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Laser lighting display



 

 

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A laser lighting display or laser light show involves the use of laser light to entertain an audience. A laser light show may consist only of projected laser beams set to music, or may accompany another form of entertainment, typically a rock concert or other musical performance.

Laser light is useful in entertainment because the coherent nature of laser light causes a narrow beam to be produced, which allows the use of optical scanning to draw patterns or images on walls, ceilings or other surfaces including theatrical smoke and fog without refocusing for the differences in distance, as is common with video projection. This inherently more focused beam is also extremely visible, and is often used as an effect. Sometimes the beams are "bounced" to different positions with mirrors to create laser sculptures.

Laser scanners consist of small mirrors which are mounted on galvanometers to which a control voltage is applied. The beam is reflected a certain amount which correlates to the amount of voltage applied to the galvanometer scanner. Two galvanometer scanners can enable X-Y control voltages to aim the beam to any point on a square or rectangular raster. This enables the laser lighting designer to create patterns such as Lissajous figures (such as are often displayed on oscilloscopes); other methods of creating images through the use of galvanometer scanners and X-Y control voltages can generate letters, shapes, and even complicated and intricate images. (The use of X-Y raster scanning to create images is also used in television picture tubes.) A planar or conical moving beam aimed through atmospheric smoke or fog can display a plane or cone of light known as a "laser tunnel" effect.

Safety

Some lasers have the potential to cause eye damage if aimed directly into the eye, or if someone were to stare directly into a stationary laser beam. Some high-power lasers used in entertainment applications can also cause burns or skin damage if enough energy (typically a stationary beam) is directed onto the human body and at a close enough range. In the US, the use of lasers in entertainment, like other laser products, it is regulated by the Food and Drug Administration (FDA) and additionally by some state regulatory agencies such as New York State which requires licensure of some laser operators. Safety precautions used by laser lighting professionals include beamstops and procedures so that the beam is projected above the heads of the audience. It is possible, and in some countries commonplace, to do deliberate audience scanning. In such a case, the show is supposed to be designed and analyzed to keep the beam moving, so that no harmful amount of laser energy is ever received by any individual audience member.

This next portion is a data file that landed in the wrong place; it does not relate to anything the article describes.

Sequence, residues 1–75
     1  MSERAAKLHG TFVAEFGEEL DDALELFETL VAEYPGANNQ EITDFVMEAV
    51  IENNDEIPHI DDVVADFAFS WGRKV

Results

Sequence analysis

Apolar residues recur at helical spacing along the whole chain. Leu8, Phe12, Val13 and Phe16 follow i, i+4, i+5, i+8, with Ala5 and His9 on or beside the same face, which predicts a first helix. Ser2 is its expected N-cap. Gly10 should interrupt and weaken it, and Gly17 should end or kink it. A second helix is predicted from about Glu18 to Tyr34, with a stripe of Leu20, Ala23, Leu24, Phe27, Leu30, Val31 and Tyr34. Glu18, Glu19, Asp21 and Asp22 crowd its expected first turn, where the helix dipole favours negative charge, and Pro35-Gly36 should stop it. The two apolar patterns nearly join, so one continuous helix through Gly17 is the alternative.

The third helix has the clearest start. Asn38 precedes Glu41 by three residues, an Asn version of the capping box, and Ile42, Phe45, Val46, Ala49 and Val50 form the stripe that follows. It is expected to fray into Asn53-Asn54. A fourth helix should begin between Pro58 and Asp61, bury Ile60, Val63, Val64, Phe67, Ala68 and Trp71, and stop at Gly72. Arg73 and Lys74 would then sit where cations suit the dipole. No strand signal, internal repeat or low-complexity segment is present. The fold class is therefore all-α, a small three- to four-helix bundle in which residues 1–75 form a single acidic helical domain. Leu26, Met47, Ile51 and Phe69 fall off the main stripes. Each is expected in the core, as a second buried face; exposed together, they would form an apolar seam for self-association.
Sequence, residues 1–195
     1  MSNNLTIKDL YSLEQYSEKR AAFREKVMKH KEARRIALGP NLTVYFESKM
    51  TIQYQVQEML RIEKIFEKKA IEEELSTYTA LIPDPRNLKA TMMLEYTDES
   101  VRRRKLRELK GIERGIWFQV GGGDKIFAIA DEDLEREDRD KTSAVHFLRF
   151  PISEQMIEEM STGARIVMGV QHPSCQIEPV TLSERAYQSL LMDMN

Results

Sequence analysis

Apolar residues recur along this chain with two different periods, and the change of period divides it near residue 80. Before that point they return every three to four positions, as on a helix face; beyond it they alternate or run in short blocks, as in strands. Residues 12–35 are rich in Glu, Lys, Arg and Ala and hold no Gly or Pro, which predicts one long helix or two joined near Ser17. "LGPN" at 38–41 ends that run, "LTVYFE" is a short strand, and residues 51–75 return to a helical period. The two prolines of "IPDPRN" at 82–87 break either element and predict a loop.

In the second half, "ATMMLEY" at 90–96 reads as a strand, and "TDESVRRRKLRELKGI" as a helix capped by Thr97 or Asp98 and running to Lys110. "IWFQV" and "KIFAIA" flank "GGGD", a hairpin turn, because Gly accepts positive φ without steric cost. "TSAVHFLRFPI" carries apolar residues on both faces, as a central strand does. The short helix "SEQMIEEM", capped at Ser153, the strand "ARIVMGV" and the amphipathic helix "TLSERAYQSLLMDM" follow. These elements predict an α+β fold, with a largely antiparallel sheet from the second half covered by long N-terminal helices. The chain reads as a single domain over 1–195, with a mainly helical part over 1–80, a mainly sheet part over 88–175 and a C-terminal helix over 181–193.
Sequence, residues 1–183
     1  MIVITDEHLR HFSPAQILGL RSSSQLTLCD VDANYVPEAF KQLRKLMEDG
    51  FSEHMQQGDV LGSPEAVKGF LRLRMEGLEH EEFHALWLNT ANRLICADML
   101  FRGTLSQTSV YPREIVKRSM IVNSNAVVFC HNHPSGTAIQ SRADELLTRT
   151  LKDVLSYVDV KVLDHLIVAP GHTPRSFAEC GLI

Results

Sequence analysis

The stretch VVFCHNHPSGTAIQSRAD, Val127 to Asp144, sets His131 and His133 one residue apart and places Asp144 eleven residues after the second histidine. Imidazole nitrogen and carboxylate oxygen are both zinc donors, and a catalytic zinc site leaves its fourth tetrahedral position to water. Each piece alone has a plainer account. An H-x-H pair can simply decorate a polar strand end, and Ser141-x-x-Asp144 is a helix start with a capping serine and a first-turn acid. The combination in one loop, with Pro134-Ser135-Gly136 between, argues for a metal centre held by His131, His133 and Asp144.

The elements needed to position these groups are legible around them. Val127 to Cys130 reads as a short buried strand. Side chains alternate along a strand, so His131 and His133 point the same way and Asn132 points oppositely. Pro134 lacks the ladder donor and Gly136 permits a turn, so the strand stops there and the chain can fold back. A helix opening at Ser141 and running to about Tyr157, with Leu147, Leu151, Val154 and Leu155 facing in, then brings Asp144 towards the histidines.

Lasers used outdoors can pose a risk of "flash blindness" to pilots of aircraft if too-bright light enters the cockpit. In the U.S., outdoor laser use is jointly regulated by the FDA and the Federal Aviation Administration. For details, see the article Lasers and aviation safety.

Origin

The idea of using light to accompany music goes at least as far back as 1730, when Castel came up with an early color organ. However, laser light shows fully emerged in the early 1970s and became a form of psychedelic entertainment, usually accompanied with a live musical performance on stage or pre-recorded music. Blue Öyster Cult, on their 1976 Agents of Fortune tour, and Pink Floyd, on their Animals Tour, were two of the first high profile bands to use a laser in their concert shows. They infamously pointed the laser directly into the crowd in shows, creating controversy over the potential for harm. This practice is now highly regulated in the U.S., to the point where almost all U.S. shows do not have laser beams go into or close to the audience.

See also

  • International Laser Display Association
  • Laser harp
 
This article is licensed under the GNU Free Documentation License. It uses material from the Wikipedia article "Laser_lighting_display". A list of authors is available in Wikipedia.
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